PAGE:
Potentially toxic elements in food crops grown on urban waste dump-sites: a case study of Wakaliga Dump-site, Kampala City, Uganda

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Kampala International University, School of Engineering and Applied Science
This study aimed at investigating the seasonal variation in the levels of contamination in soils, food crops, and domestic spring water samples from Wakaliga dumpsite in Kampala. Potentially Toxic Elements (PTE) and physicochemical properties were analyzed during the dry season (May-July 2017) and the wet season (September-November 2017) and the results compared to standard limits set by international and local agencies. The results obtained indicated that some of the elements were found in concentration levels within permissible limits, while others were above permissible set limits in the soil, crops and domestic (spring) water samples. Zinc maximum levels of 3.41±0.01 mg/kg and 3.3 1±0.04 mg/kg d.w. were found in dry-season picked spinach and sugarcane, respectively, while the lowest concentrations of 0.98±0.02 mg/kg d.w. were found in wet-season cocoyam. Copper was found to exist below permissible limits for all the crops, soil and water; concentrations of lead in spinach were found to be within a permissible limit 2.31±0.005 mg/kg d.w. while all the others were below the permissible limits. Negligible amounts of cadmium were found in all the samples. All the soil samples indicated results below permissible levels of toxic metals in the arable soils as indicated by ‘~ATHO (1996). The physiochemical parameters were all within acceptable limits for drinking water, as set by WHO and NEMA; Cadmium was not detected in the domestic water. The findings of this research indicated the presence of potentially toxic elements whose levels could be on the increase and found out that zinc concentrations were higher in both crops and soil for both the two harvesting seasons. This was followed by lead, which is attributable to the availability of discarded substances containing these elements in the environment. Proper waste management, control and disposal methods should be put in place to minimize exposure of toxic containing substances into the environment.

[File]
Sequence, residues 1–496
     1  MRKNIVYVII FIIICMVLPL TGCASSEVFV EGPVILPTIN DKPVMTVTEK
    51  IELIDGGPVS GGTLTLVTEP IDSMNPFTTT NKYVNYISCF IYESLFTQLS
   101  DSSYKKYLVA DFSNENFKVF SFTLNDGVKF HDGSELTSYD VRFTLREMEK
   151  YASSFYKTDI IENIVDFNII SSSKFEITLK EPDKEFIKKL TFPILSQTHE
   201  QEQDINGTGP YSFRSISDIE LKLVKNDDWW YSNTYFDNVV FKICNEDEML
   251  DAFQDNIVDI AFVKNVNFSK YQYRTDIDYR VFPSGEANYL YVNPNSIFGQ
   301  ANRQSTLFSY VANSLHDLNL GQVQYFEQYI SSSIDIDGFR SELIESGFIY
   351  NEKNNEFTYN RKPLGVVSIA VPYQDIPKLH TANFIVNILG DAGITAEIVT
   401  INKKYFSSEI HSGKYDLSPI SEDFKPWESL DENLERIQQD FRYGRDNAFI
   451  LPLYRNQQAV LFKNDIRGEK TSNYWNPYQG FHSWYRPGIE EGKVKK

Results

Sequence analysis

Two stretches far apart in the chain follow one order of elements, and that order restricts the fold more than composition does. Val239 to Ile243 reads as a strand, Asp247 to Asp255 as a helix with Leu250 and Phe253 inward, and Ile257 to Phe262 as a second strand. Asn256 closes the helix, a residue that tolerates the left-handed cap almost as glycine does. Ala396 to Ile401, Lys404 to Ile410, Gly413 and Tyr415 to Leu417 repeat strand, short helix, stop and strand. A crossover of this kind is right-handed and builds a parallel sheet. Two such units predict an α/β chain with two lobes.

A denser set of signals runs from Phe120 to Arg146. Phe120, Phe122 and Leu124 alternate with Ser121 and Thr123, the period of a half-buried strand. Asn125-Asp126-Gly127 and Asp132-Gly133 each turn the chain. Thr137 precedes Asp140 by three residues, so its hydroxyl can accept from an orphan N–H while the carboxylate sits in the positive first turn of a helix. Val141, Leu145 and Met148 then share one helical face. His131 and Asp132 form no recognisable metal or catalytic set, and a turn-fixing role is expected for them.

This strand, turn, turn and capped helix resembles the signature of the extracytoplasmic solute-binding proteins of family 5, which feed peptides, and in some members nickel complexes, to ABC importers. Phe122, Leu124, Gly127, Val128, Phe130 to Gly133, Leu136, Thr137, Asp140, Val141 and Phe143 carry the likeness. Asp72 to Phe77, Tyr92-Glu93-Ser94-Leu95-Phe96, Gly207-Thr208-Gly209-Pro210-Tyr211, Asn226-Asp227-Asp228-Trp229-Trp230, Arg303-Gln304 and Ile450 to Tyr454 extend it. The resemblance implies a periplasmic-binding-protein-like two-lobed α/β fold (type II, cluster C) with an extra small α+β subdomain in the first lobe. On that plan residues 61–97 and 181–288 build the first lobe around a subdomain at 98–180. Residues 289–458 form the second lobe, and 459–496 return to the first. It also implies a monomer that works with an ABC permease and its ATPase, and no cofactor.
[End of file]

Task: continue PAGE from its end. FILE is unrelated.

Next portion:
A dissertation submitted to the school of engineering and applied sciences, Kampala International University, in partial fulfillment of the requirements for the award of the degree of Master of Science in chemistry
Toxic elements, Food crops, Urban waste dump-sites